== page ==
0 energipoeng
Studying for a test? Prepare with these 6 lessons on Rækker.
See 6 lessons

# Intro to geometric sequences (advanced)

Video transcript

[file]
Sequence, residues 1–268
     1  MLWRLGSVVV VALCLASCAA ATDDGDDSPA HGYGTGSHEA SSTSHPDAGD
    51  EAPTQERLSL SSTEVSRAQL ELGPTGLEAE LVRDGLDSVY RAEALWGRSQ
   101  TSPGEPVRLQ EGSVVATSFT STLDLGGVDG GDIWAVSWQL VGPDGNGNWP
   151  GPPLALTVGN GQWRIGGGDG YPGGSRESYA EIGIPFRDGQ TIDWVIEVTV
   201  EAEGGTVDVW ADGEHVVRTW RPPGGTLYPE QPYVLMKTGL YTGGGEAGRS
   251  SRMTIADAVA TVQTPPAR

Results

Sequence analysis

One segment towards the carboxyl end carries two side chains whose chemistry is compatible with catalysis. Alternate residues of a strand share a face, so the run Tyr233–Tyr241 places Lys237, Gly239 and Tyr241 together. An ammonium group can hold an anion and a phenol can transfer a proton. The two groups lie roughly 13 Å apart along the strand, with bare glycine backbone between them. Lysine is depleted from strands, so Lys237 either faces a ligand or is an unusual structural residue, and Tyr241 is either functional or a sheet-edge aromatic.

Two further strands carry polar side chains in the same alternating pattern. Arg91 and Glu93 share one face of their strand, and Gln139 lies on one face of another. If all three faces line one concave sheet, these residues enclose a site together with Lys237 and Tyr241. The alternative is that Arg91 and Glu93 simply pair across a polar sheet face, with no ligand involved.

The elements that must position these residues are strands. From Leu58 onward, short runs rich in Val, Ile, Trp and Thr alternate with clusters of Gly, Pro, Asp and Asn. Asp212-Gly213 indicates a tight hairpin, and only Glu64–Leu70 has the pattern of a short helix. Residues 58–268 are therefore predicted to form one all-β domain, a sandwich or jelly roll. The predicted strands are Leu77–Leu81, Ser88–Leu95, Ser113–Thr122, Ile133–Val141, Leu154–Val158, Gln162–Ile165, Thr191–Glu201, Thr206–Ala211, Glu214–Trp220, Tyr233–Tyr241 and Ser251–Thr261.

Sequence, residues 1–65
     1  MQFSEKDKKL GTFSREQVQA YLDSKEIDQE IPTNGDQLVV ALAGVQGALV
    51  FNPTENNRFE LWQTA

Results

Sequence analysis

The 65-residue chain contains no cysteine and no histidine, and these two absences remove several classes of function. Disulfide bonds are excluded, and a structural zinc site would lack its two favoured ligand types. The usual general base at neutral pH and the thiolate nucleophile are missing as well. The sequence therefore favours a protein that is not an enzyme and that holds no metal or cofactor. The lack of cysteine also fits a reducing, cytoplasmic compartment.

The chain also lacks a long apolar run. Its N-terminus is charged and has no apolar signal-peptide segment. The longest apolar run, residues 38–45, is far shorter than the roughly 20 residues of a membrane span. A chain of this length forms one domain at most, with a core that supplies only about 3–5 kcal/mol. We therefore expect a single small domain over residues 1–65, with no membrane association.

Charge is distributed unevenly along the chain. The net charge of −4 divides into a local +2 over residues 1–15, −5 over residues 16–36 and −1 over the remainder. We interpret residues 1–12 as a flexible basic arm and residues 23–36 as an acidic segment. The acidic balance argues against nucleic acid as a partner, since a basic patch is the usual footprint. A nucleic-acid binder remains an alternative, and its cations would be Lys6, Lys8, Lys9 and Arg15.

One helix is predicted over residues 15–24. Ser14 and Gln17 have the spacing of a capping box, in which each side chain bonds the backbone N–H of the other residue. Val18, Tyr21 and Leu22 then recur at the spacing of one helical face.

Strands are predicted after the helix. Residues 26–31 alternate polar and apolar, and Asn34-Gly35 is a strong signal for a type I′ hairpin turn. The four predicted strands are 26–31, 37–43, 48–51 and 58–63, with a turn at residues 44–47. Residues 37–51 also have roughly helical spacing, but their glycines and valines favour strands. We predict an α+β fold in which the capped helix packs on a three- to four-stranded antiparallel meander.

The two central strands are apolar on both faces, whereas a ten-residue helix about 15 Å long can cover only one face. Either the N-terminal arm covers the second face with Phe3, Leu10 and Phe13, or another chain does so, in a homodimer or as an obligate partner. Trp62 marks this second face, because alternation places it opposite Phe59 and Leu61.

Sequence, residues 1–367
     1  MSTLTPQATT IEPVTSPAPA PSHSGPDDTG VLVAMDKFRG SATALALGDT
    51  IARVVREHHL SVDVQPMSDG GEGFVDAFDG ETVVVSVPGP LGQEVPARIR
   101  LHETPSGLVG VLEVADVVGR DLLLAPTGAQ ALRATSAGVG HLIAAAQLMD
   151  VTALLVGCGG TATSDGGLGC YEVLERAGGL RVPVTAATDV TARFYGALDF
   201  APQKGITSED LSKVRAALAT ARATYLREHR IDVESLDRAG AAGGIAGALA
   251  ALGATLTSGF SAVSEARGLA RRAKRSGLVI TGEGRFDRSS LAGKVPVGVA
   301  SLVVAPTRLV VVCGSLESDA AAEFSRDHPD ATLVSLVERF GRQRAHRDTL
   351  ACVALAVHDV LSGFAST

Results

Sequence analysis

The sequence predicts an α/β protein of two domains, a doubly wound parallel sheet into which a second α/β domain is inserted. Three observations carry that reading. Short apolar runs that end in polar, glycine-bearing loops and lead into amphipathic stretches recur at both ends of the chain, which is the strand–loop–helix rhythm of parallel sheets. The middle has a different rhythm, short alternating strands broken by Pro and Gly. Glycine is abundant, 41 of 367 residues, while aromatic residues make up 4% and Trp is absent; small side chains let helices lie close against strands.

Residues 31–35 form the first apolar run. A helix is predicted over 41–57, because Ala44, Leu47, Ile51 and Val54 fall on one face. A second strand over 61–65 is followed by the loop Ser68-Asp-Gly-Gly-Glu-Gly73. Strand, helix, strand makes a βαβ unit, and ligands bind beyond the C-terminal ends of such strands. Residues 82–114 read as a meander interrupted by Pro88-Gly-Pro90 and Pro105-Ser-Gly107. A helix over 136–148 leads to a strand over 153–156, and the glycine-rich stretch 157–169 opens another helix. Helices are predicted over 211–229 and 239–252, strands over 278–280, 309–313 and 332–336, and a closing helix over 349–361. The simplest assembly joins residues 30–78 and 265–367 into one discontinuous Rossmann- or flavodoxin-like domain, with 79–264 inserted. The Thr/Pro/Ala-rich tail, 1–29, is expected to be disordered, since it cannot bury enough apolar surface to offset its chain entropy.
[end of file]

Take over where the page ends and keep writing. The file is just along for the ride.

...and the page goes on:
Let's talk about geometric sequences, which is a class of sequences where we start at some number, then each successive number is the previous number multiplied by the same thing. So what am I talking about? Well let's multiply a times r. And then I'm going to get ar. Let's multiply it times, but to get the third term, let's multiply the second term times r. And then what am I going to have? I'm going to have-- it's a different shade of yellow-- I'm going to have ar squared. Multiply by r again, you're going to get ar to the third power, and you just keep on going like that. And this is, the way I've denoted this, this is an infinite geometric sequence. We just keep going on and on and on and on. And the different ways we can denote it, we can denote it explicitly. We could say that our sequence is a sub n starting with the first term going all the way to infinity, with a sub n equaling-- well, we see an a here for any term-- is going to be a times r. And just to be clear, this right over here, a is the same thing as a times r to the zeroth power, r to the 0 is just 1. This second term is ar to the first power. The third term is ar to the third power. It looks like the nth term is going to be ar to the n minus 1 power. So ar to the n minus 1. And you could verify it. If you want the second term, you say a times r to the 2 minus 1, a times r to the first power. It works out. This is defining it explicitly. We could also define it recursively. We could say a sub n from n equals 1 to infinity, with a sub 1 being equal to a. That's the base case. a sub 1 is equal to a, ar to the 0 is just a. Or we could say for n equals 1, and then we could say a-- and I don't even have to really write that because we're making it very clear that a sub 1 is equal to a-- and then we could say a sub n is equal to the previous term, a sub n minus 1, times r, for n is greater than or equal to 2. So this is saying, look, our first term is going to be a, that right over there is a, ar to the 0 is just a, and then each successive term is going to be the previous term times r, which is exactly what we did over there. So let's look at some geometric sequences. So I could have a geometric sequence like this. I could have a sub n, n is equal to 1 to infinity with, let's say, a sub n is equal to, let's say our first term is, I don't know, let's say it is equal to 20. And then r, the number that we're multiplying to get each successive term, let's say it's equal to 1/2. 1/2 to the n minus 1. So what would this sequence actually look like? Well let's think about it. The first term is 20. If you say, if n is 1, this is going to be 1/2 to the 0-th power. So it's going to be 1 times 20. So the first term is 20, and then each time we're multiplying by what? Well here each time we're multiplying by 1/2. So this could be 20 times 1/2 is 10, 10 times 1/2 is 5, 5 times 1/2 is 2.5-- actually let me just write that as a fraction, is 5/2, 5/2 times 1/2 is 5/4, and you can just keep going on and on and on. This is a geometric sequence. Now let me give you another sequence, and tell me if it is geometric. So let's say we start at 1, so then I'm going to go to 2, and then I'm going to go to 6, and then I'm going to go to-- let me see what I want to do-- I want to go to 24. And then I could go to 120, and I go on and on and on. Is this a geometric sequence? Well let's think about what's going on. To go from 1 to 2, I multiplied by 2. To go from 2 to 6, I multiplied by 3. To go from 6 to 24, I multiplied by 4. So I'm always multiplying not by the same amount. You have to multiply by the same amount in order for it to be a geometric sequence. Here I'm multiplying it by a different amount. So this sequence that I just constructed has the form, I have my first term, and then my second term is going to be 2 times my first term, and then my third one is going to be 3 times my second term, so 3 times 2 times a. My fourth one is 4 times the third term, so 4 times 3 times 2 times a. And we go on and on and on. So this sequence, which is not a geometric sequence, we can still define it explicitly. We could say that its set or it's the sequence a sub n from n equals 1 to infinity with a sub n being equal to, let's see the fourth one is essentially 4 factorial times a. Well, actually, if we look at this particular, these particular numbers our a is 1. So this is actually, let me write this, this is 1, this is 2 times 1, this is 3 times 2 times 1, this is 4 times 3 times 2 times 1. And so a sub n is just equal to n factorial. This right over here, which is not a geometric sequence, describes exactly this sequence right over here. Just to get some practice with-- Here we've defined it explicitly, but we can also define it recursively. We could also say-- do it in white-- we could also say that a sub n takes us from n equals 1 to infinity, with a sub 1, or maybe at a sub 1 is equal to 1. That's our first term. And then each successive term is going to be equal to the previous term times n. So the second term is equal to the previous term times 2. The nth term is going to be the previous turn times n So this is another valid way of defining it.